Boracay Is Open to Tourists Again | Belo Medical Group

Boracay Is Open to Tourists Again—Here’s What You Need to Know

By Ysabel Vitangcol on October 7, 2020

One thing we haven’t been able to do since 2019? Hit the beach. We live in a strange new world, one that has severely limited our borders for rest and relaxation (not to mention, blurred the line between office and home). Luckily, thanks to a September 24 resolution by the Inter-Agency Task Force on Emerging Infectious Diseases (IATF), tourists are now welcome to return to the white sandy beaches of Boracay Island. Before you pack those bags, though, here’s everything you need to know!

1. Only residents of GCQ and MGCQ cities with prior booked accommodations will be allowed to visit the island.

This is per an announcement from the Department of Tourism, which means residents of Metro Manila and other GCQ/MGCQ areas will get to visit! Yay!

2. Only the Caticlan airport will be open for incoming passengers.

The Kalibo airport will not be open, so make the necessary travel arrangements for transport coming from the Godofredo P. Ramos Airport in Caticlan. 

3. You need to test negative on an RT-PCR test first.

This is a given, of course—any island-goers will need to pay for their own swab (RT-PCR) test, taken 48-72 hours beforehand, and receive a negative result before being allowed on the island. We know you want to frolic, but safety first!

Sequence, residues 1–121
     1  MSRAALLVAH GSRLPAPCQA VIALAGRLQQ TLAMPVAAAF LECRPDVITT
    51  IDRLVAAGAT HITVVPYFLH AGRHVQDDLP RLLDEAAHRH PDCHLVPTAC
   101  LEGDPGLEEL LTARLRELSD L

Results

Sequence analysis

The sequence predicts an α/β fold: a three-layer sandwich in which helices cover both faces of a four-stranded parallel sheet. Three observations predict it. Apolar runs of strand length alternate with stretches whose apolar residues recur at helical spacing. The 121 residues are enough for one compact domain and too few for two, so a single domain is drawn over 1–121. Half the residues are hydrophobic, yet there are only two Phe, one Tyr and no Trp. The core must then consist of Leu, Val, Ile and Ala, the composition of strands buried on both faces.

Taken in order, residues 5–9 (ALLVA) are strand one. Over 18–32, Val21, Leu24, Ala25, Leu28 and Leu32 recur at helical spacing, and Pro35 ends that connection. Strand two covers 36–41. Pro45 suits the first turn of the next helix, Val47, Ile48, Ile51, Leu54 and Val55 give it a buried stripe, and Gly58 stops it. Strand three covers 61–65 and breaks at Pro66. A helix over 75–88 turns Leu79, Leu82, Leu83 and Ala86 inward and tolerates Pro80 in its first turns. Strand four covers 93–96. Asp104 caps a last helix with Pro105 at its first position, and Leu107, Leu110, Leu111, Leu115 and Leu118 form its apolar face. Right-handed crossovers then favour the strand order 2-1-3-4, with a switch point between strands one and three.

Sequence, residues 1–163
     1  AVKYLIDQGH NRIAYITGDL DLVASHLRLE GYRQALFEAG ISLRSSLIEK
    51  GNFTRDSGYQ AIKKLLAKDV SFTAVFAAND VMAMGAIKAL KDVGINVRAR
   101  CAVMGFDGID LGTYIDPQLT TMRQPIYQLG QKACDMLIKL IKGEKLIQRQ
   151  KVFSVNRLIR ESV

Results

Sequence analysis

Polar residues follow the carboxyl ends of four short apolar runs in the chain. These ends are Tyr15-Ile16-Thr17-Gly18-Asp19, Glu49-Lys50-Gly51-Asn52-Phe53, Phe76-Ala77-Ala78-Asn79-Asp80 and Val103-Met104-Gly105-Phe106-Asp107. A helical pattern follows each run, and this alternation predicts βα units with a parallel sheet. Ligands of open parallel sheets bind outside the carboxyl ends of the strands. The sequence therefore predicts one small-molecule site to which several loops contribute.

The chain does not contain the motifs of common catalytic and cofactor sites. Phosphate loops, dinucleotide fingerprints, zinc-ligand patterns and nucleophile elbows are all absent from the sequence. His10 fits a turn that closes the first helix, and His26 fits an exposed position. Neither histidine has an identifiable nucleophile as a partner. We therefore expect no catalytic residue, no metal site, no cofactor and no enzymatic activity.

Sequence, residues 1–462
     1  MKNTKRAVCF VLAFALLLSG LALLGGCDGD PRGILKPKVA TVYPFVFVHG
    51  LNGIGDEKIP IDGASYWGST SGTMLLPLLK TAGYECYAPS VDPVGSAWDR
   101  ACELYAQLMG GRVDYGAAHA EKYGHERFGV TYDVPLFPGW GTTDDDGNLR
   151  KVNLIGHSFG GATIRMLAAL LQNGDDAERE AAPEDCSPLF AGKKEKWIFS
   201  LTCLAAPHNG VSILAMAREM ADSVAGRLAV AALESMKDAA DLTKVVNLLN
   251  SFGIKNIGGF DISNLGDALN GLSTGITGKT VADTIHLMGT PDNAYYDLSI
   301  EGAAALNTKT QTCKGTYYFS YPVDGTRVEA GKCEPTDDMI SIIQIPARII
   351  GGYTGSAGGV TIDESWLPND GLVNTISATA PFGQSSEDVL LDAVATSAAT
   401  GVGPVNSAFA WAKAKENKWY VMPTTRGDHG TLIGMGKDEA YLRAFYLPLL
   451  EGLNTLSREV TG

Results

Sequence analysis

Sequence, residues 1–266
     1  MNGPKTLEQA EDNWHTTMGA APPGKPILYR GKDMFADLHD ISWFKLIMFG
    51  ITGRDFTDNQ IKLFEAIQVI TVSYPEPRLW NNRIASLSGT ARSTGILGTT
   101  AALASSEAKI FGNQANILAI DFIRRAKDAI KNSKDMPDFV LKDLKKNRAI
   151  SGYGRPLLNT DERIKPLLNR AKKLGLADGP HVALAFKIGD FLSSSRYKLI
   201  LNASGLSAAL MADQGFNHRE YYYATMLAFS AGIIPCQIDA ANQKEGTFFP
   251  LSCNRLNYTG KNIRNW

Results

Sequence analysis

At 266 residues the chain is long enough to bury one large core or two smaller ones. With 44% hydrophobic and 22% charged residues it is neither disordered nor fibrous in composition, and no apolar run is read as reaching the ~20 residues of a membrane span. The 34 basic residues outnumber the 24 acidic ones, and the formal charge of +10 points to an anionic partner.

4. It’s a family affair—no age restrictions!

It may have been a while before you’ve gotten to have some real bonding time with the fam—you know, not the kind that involves arguments about who’s hogging the bandwidth. Kids and senior citizens can join in on the Boracay fun, as long as they test negative, too. However, “restrictions as to persons with comorbidities will remain to be strictly enforced,” according to the IATF.

5. You will not need to quarantine upon arrival.

No need to budget for extra hotel accommodation expenses to account for quarantine days. Unless you are exhibiting symptoms of COVID-19, you are free to roam the island as soon as you arrive.

6. You’re required to wear a mask on the beach.

No mask-less strolling just yet, though! A mask is required for entering establishments and walking along the beach where you’ll encounter others—just like you would in your home city. Social distancing will still be strictly observed.

That’s pretty much it! Once you’ve got your plane tickets, hotel bookings, and negative swab tests, you’re good to go. Take as many photos as you can, and don’t forget to wear sunscreen!

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